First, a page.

Adjudicator finds Iowa Board of Regents terminated teacher 'without just cause'

Attorney, adjudicator question board process

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A state adjudicator has ruled in favor of an Iowa School for the Deaf teacher who the Board of Regents terminated earlier this year, questioning not only the decision but how the board reached it.

“I find that the termination of Tina Murdoch was without just cause,” Neil Barrick, an adjudicator with the Iowa Public Employment Relations Board, wrote in his Aug. 2 decision. “Just cause cannot include reasons which are arbitrary, unfair, or generated out of some petty vendetta.”

The nine-member board in March unanimously agreed to terminate Murdoch, who had taught at the Council Bluffs school for 25 years, and Tricia Tighe, who had been with the school 15 years, after a new principal determined they were not meeting state teaching standards, according to the adjudicator.

The decisions were based on opinion, not achievement scores or other objective measure, according to the decision.

The board is planning to meet in closed session Thursday to discuss the adjudicator’s finding, according to Murdoch’s attorney Raymond Aranza, with The Law Office of Marks Clare & Richards, LLC, in Omaha. An adjudicator considering Tighe’s case has not yet issued a decision, he said.

The board could reject the Murdoch decision and appeal to the district court, Aranza said. If they don’t, the adjudicator’s decision reverses Murdoch’s termination and reinstates her as a teacher — a decision which includes lost wages, benefits, and service credits since her firing.

“The overall review of Ms. Murdoch’s performance by staff at (Iowa School for the Deaf) was not done in a fair fashion,” according to Barrick. “The board’s review of the termination decision failed to take into consideration the entirety of the circumstances.”

In fact, Barrick specifically questioned the board’s process in reviewing the allegations and the time it spent considering them.

“As the adjudicator, I am also concerned about the hearing process before the Board of Regents,” he wrote. “I was not presented with any evidence as to how the two-hour maximum for the entire hearing process was determined, but I have never been involved in a matter where so much is at stake and such a short time period involved to get a full record made.”

The Board of Regents on Wednesday morning issued a notice for Thursday’s meeting, as required by Iowa law. A short time later, board attorney Aimee Claeys sent Aranza an email to give him a “courtesy notice that the Board of Regents will meet tomorrow to vote to reject the adjudicator’s decision.”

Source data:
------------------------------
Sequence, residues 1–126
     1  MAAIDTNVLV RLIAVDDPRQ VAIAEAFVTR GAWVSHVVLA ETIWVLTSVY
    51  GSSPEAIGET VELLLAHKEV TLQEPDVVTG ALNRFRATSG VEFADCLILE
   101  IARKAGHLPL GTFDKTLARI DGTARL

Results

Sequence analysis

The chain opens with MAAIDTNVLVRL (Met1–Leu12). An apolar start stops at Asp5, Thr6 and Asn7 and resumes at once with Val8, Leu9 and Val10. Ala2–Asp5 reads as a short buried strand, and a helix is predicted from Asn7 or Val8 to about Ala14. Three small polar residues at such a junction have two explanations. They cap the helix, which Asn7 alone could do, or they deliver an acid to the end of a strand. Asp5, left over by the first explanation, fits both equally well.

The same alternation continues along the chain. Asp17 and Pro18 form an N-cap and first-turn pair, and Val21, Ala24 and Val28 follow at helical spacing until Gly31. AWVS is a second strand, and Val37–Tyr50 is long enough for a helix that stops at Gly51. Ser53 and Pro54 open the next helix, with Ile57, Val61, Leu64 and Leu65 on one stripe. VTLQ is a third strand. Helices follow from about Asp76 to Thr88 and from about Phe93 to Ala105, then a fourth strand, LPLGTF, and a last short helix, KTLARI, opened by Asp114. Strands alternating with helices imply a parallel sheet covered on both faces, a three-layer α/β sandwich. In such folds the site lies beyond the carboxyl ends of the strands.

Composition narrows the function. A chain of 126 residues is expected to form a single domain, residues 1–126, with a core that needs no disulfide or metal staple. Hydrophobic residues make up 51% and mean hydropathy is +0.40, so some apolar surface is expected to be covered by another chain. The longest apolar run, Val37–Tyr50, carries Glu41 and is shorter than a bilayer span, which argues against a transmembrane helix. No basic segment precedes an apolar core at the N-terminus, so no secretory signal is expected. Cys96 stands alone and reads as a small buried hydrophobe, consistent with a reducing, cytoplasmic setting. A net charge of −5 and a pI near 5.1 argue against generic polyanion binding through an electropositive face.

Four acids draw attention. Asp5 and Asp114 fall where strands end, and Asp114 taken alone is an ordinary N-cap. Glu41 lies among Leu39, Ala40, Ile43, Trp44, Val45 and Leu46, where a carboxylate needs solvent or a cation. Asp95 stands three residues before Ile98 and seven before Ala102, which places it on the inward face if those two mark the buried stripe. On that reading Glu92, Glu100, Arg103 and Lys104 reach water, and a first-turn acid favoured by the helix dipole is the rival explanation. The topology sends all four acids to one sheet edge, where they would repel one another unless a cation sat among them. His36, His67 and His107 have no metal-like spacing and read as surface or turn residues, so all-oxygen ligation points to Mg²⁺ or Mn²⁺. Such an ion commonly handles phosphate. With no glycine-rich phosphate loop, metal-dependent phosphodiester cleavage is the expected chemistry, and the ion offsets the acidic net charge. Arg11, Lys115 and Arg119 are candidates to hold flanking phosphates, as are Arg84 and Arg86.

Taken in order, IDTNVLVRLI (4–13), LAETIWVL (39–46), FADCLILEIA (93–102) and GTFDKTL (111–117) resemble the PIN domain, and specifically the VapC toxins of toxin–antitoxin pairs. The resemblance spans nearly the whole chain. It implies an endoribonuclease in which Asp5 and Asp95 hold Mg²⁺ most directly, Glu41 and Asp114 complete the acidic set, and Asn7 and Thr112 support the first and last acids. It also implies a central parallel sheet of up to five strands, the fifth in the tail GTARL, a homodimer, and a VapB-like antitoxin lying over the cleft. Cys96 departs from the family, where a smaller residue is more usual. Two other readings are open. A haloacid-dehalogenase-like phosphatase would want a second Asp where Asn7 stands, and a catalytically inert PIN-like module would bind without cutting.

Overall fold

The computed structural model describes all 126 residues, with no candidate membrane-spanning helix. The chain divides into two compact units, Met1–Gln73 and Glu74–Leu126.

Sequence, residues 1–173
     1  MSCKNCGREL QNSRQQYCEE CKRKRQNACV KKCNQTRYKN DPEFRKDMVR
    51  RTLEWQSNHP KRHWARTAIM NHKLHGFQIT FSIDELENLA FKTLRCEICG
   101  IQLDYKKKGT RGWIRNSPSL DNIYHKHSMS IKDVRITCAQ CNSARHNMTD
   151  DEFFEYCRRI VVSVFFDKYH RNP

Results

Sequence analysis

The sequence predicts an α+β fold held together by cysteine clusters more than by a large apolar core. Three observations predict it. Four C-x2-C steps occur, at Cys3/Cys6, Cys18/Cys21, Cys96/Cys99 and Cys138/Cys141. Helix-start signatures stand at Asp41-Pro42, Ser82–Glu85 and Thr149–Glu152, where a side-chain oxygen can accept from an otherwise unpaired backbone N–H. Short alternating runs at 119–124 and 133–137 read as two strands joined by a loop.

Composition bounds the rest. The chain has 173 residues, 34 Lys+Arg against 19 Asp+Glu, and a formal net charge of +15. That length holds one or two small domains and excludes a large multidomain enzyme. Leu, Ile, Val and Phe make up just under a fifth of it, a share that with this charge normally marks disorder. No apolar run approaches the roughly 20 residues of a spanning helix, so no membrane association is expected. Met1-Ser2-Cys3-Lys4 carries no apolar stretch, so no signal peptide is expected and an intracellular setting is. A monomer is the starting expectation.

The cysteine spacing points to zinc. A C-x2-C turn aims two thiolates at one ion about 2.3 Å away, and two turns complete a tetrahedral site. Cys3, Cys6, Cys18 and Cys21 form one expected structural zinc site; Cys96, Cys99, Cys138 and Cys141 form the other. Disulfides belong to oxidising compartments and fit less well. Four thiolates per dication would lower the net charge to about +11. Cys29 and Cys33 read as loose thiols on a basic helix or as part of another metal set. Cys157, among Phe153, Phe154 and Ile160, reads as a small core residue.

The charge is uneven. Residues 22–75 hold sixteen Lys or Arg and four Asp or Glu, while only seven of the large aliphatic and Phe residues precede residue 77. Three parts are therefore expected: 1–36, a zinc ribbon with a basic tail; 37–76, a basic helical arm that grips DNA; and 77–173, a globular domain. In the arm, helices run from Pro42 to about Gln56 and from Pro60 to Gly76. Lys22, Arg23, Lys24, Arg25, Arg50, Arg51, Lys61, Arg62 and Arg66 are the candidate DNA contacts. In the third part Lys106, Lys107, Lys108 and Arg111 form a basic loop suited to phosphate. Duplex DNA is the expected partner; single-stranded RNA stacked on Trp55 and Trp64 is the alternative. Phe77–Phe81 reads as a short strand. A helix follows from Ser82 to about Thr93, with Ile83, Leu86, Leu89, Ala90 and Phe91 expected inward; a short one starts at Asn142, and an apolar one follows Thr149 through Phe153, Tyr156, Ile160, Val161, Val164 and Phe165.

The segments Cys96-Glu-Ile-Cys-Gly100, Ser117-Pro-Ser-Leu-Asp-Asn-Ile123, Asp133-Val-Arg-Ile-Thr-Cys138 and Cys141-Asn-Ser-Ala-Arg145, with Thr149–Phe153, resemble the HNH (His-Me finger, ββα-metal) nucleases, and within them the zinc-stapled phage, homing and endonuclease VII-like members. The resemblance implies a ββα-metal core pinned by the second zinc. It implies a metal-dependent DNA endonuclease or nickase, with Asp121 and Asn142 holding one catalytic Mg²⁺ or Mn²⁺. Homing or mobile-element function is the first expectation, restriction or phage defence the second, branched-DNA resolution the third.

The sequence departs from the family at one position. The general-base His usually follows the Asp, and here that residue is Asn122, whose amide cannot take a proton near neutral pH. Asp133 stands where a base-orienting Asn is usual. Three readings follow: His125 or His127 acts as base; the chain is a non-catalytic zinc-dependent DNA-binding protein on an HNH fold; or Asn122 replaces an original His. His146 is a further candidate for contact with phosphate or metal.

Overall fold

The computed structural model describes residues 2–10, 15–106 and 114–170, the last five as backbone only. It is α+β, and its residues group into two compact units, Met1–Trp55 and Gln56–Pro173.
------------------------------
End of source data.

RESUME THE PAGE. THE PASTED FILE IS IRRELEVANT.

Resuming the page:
“I will confirm the board’s vote with you following the meeting,” she wrote in the email obtained by The Gazette.

Aranza asked how the board came to a decision without meeting, as required by law.

“I don’t know how they could do that without meeting on it already,” he told The Gazette. “It felt odd that I have this email that they’re going to reject it. It sounds like a decision has been made, and if it’s been made, it sounds like people have been discussing the matter.”

After Aranza raised his concerns with Claeys, asking, “Have there been communications between the board members prior to tomorrow,” she clarified her earlier message.

“I was simply notifying you that the board will be meeting to consider the matter tomorrow,” she wrote.

Board spokesman Josh Lehman and Claeys confirmed for The Gazette the initial email was “inartfully drafted” and was meant to include the word, “consider.” They said the board has not yet met or taken any vote on the issue.

Aranza said the case — in that it is based on limited opinions and observations — is important because it could set a dangerous precedent for Iowa.

“After a careful review of all the evidence, written or at hearing, it appears that several major factors seem to have been ignored by the board in its consideration of the decision to terminate and of the evidence submitted,” according to the adjudicator’s decision.

Murdoch — who had been with the regents’ special school since 1990 — last summer signed a contract for the 2015-16 school year to earn a base salary of $60,375, a cut from her previous year’s pay of $61,179, according to state salary records.

Tighe — who started at the school in 2000 — also signed a contract last summer to make a base salary of $65,348, less than her previous year’s pay of $66,801, according to state records.

The women in November 2015 received letters suspending them and recommending termination, according to Aranza.

Barrick’s decision in the Murdoch case stressed she’s not guilty of any “serious misconduct or insubordination and her performance in the classroom should not be judged by guidelines or precedent involving forms of egregious behaviors.”

Aranza said his client is pleased with the decision and feels vindicated. But, he said, they expect the Board of Regents to disagree.

“Unfortunately, this prevents the students from having an experienced teacher in a school where there is such a need for experience this school year,” he said.

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